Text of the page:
Edwin Hubble was able to plot the variation between the distance and recessional velocity for 46 galaxies, thereby obtaining a value for the Hubble constant of 500 km/s/Mpc or about seven times what astronomers think it is today. But Cepheids can only be used to measure distances from about a kiloparsec to 50 Megaparsecs. So what about distances greater than this range? We cannot fix a constant’s value just by observing the behavior of galaxies up to 50 Mpc. We need to peer further for precise estimates, and that’s where the type Ia supernovae come into the picture.
Type Ia supernovae
A type Ia supernova occurs when a white dwarf feeding upon its companion undergoes a runaway fusion, eventually exploding into a supernova. Such explosions are exceptionally bright, making them excellent standard candles to calculate longer distances.
The Hubble SH0ES program, which stands for Supernova, H0, for the Equation of State of Dark Energy, has significantly contributed to calculating the Universe’s expansion rate using these supernovae. In 2019, the SH0ES team reported a value of Hubble constant around 74 km/s/Mpc. The SH0ES project considers the galaxies lying within 2 billion light-years away, which means that it measures the present expansion rate of the Universe. But when cosmologists compared it with theoretical predictions, a crisis broke in front of them.
Theory vs. Observation
After the Big Bang, we know that the superheating of all the matter in the Universe released enormous amounts of energy. As the Universe expanded, the radiation got more and more redshifted. The cosmic microwave background, or CMB, is extremely helpful in estimating how much the radiation has redshifted. The CMB is the remnant electromagnetic radiation from an early stage of the Universe, which is not uniform. Instead, it’s made up of hotter and colder patches that signify the clumpiness of matter and energy in the very early Universe.
Researchers combined fundamental physics with estimates of the amount of mass and energy contained within the Universe to model its expansion from its initial state to the present day. Consequently, with the precision obtained in different methods, the best measurements appeared to converge on a value between 67-68 km/s/Mpc. That’s clearly different from what the observational values say. The mathematical predictions expect the Universe to expand slower than that calculated from Hubble’s data. And this has been one of the biggest crises in cosmology so far.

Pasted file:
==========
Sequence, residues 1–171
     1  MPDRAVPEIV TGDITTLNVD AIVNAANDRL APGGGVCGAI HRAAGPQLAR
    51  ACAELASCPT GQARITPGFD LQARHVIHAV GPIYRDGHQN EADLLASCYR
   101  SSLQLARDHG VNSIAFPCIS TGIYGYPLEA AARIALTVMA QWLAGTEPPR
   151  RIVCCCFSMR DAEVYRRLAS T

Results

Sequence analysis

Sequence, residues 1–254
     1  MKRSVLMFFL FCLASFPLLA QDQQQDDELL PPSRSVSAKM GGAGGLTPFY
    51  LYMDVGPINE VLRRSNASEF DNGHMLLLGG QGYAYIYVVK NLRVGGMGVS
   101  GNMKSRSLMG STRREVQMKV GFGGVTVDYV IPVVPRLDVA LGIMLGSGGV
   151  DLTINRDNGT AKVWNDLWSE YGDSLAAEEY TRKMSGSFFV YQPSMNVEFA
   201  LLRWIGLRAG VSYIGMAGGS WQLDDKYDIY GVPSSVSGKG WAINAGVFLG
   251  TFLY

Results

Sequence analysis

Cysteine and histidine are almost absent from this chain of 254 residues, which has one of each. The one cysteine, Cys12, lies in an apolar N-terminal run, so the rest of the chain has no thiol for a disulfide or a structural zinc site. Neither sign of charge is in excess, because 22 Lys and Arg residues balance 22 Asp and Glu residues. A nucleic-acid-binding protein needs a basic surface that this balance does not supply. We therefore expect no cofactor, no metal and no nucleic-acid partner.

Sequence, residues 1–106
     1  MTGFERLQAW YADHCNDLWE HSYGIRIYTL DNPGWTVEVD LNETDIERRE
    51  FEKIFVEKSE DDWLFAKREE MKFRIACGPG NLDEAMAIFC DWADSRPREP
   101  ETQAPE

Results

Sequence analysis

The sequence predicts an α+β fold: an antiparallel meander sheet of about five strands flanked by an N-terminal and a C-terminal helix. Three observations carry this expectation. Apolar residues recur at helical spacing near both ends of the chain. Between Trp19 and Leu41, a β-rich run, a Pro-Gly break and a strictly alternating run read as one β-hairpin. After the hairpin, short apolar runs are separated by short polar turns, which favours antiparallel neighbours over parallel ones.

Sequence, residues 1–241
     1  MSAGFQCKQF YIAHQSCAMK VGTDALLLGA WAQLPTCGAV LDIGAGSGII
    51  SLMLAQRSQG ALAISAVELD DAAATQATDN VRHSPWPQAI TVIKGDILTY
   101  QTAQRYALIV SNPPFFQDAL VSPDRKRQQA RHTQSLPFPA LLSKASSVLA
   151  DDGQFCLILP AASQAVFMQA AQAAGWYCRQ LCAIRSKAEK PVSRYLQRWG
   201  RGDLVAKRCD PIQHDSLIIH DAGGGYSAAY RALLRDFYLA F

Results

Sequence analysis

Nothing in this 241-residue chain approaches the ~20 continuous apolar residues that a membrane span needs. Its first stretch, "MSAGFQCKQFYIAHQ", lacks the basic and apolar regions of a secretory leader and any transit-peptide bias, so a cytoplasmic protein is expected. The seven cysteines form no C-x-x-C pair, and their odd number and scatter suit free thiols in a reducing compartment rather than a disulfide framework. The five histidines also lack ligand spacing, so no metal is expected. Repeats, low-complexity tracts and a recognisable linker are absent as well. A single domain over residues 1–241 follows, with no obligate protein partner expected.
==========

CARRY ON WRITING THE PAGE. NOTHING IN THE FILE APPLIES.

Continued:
Researchers have been trying to achieve greater accuracy in their observational values, and recently, they have reached a new milestone in this domain. The SH0ES team reviewed all the data taking into account over 1,000 Hubble orbits, and analyzed 42 supernovae milepost markers that are exploding at a rate of about one per year. This almost marks a complete analysis of all the supernovae accessible to the Hubble Space telescope so far.
Finally, they converged on a Hubble constant estimate of 73 ± 1 km/s/Mpc. This value is again higher than the theoretical predictions of 67.5 ± 0.5 km/s/Mpc. But, the measurement is about eight times more precise than Hubble’s expected capability. And given the large Hubble sample size this time, there is only a one-in-a-million chance of the new estimate being wrong.
Although the cause of the discrepancy between the predicted and observed values of the Hubble constant remains uncertain, the new results are expected to open the door to discovering new physics. Astronomers are also looking for new phenomena and objects to measure the distances in the Universe. They include neutron star mergers and red giant stars. Also, with NASA’s Webb Space Telescope, we can expect to have sharper resolutions and even more precise results in the future.